If you’ve never had creme brulee–this is the week to go out and have one! It's National Creme Brulee Week from July 21 to July 27 and we'll take a few moments to savour this and other equally loved French sweet creations.
Typically served in a ramekin, which is a small ceramic serving dish, creme brulee is a rich, vanilla flavored thick custard base that is topped with a thin sheet of sugar that has been torched to create a hard caramel. The basic ingredients include cream, eggs, sugar and flavoring of your choice. The various flavors can be “coffee, vanilla, chocolate, mango, strawberry and even cucumber,” said Leah Jacobs, pastry chef at .
With a spoon, you can, with little effort, crack through the caramelized sugar revealing the thick and silky custard pudding beneath it. Scoop together a dollop of caramel and custard and the taste is heavenly as it slowly melts away.
Making this French dessert is no simple task. Executive Chef Michael R. Sadriani of said, “our approach to making this is long and intricate.”
The upscale Italian cuisine offered by is from the Northern Italian-Provence (south-east of France) and it made sense to offer a sweet dish and some savory ones from their distinguished culinary neighbor.
“This dessert is one of our best selling items,” said Sadriani of their creme brulee which they've served since they opened in 1999. It is available during lunch and dinner. After dinner, enjoy a little bit of opera while you nurse a creme brulee–performed by the chef himself–yes, the chef cooks and sings.
If you have ever wondered what makes French pastries so flaky and delicate, Jacobs stated that the French method is very time-consuming and “everything must be just right to produce a consistent, perfect product. We also use imported French ingredients.”
Jacobs trained at the Cambridge School of Culinary Arts in Boston, Massachusetts under a master French pastry chef and received a Professional French Pastry Arts degree. Her Puff Pastry Tartlett with tomato jam, goat cheese and prosciutto proved her a winner at the Florida State Tomato Recipe Contest.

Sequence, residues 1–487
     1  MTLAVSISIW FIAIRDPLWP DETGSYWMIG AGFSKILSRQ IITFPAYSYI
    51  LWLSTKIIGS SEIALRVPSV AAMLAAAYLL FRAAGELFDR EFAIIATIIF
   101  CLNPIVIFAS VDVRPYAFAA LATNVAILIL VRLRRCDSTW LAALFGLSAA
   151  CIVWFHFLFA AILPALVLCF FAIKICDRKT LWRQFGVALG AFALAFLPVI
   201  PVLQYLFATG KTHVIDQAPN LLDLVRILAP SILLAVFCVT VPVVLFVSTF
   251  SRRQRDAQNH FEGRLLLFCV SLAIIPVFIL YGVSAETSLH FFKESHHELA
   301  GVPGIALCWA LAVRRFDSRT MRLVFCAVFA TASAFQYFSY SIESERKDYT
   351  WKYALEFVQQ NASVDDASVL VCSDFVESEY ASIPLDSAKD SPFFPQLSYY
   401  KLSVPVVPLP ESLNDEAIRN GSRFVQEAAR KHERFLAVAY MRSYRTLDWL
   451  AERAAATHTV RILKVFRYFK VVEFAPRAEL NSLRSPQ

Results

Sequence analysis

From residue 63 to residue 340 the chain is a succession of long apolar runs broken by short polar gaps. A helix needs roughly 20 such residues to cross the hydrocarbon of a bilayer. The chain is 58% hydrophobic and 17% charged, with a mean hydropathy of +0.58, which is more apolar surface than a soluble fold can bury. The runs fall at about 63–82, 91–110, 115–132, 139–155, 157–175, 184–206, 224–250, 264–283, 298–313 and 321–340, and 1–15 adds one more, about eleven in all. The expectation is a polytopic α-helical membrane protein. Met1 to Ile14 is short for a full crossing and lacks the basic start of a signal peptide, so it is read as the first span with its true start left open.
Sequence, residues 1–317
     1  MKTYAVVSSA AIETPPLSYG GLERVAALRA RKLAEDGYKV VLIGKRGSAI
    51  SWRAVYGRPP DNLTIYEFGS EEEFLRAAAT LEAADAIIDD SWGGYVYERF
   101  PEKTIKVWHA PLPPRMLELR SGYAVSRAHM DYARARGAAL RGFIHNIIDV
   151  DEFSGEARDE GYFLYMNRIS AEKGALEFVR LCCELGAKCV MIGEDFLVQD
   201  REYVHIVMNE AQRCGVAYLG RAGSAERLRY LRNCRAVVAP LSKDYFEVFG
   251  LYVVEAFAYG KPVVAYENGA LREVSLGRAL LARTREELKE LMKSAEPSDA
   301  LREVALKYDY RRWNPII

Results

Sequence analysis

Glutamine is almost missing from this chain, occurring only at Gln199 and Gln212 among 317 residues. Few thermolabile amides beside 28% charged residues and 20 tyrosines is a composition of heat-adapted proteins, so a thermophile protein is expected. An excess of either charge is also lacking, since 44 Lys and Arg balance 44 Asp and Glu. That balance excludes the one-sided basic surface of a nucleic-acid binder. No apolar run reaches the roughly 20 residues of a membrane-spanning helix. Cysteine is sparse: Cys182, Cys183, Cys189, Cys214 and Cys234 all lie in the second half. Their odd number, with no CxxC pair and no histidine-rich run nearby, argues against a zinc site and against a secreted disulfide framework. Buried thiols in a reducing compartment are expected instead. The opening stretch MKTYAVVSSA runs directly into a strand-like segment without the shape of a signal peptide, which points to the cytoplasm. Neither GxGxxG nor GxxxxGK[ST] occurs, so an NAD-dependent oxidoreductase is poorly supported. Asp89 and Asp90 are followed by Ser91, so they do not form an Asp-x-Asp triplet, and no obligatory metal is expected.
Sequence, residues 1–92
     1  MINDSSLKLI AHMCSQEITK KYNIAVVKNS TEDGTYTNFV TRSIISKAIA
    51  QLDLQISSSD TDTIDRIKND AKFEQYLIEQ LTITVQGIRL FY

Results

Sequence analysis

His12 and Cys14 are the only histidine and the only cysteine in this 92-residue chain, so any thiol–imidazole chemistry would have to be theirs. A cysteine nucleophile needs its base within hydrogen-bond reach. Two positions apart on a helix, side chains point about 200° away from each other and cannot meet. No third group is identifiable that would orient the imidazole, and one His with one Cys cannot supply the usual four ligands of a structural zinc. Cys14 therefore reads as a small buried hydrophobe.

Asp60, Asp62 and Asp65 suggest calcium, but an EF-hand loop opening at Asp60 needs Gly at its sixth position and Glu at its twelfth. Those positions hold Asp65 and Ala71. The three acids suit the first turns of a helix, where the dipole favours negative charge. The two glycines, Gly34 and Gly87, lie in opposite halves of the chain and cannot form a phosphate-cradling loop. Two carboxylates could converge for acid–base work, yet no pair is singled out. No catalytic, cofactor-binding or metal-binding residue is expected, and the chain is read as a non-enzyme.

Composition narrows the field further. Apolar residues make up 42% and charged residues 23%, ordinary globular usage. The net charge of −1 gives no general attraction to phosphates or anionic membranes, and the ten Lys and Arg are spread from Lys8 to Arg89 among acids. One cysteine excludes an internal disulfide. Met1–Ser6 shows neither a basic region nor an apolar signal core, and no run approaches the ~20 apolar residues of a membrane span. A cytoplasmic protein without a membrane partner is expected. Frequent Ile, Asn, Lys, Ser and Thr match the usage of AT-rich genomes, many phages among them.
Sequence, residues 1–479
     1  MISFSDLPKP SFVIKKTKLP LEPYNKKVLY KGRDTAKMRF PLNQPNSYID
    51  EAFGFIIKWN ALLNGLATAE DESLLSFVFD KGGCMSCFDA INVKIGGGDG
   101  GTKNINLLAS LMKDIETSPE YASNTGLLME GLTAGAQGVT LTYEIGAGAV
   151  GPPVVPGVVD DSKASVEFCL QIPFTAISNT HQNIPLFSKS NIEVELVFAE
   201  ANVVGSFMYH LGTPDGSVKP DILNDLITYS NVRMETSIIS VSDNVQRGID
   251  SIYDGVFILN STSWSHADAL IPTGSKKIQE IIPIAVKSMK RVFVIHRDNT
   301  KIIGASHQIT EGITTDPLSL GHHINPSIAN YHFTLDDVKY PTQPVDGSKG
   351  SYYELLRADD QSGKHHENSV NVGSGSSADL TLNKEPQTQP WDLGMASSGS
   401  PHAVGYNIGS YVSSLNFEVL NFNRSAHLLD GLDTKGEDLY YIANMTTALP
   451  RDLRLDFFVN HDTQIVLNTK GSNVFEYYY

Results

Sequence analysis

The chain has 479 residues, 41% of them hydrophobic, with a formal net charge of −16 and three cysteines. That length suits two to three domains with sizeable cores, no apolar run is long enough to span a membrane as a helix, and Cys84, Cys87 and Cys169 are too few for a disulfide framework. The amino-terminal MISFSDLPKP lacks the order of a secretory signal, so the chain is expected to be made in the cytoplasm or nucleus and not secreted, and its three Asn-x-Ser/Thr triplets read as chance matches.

Their croissants, brioches and turnovers are classically handcrafted French pastries served at the Bistro-style . Sitting outside of the cafe, you can enjoy the sights and sounds of nature at Shoreline Park while you relish a fresh-baked pastry with homemade jam, sipping on espresso or their Cacao Berry French Hot Chocolate made to order. Currently, creme brulee can be purchased as a catering item and there are plans to enhance their offerings by its addition to the menu, according to owner, Christina Ferrari.
If you are interested in learning more about French cooking, there is a “Celebrating Julia Child” cooking class in Los Gatos at on August 16 from 6:30 to 8:30 p.m. Julia Child is the first to be credited with introducing French cuisine to the United States. She inspired cooks to expand their skills. This class celebrates her life with a simple and elegant French meal that reflects her cooking philosophy: big flavor, small pretense. The chef instructor will share tips, classic French culinary techniques, and traditional recipes.
As you enjoy your creme brulee, croissant, brioche, or turnover, consider the amount of work that produced the delectable dish that it is and thank the French for their distinct culinary style.
Check back with us next week for the next dining establishment with a claim to culinary fame as we continue to celebrate National Culinary Arts month this July. The month's celebration promotes appreciation and awareness of professional chefs and cooks and how they impact the culinary and dining landscape.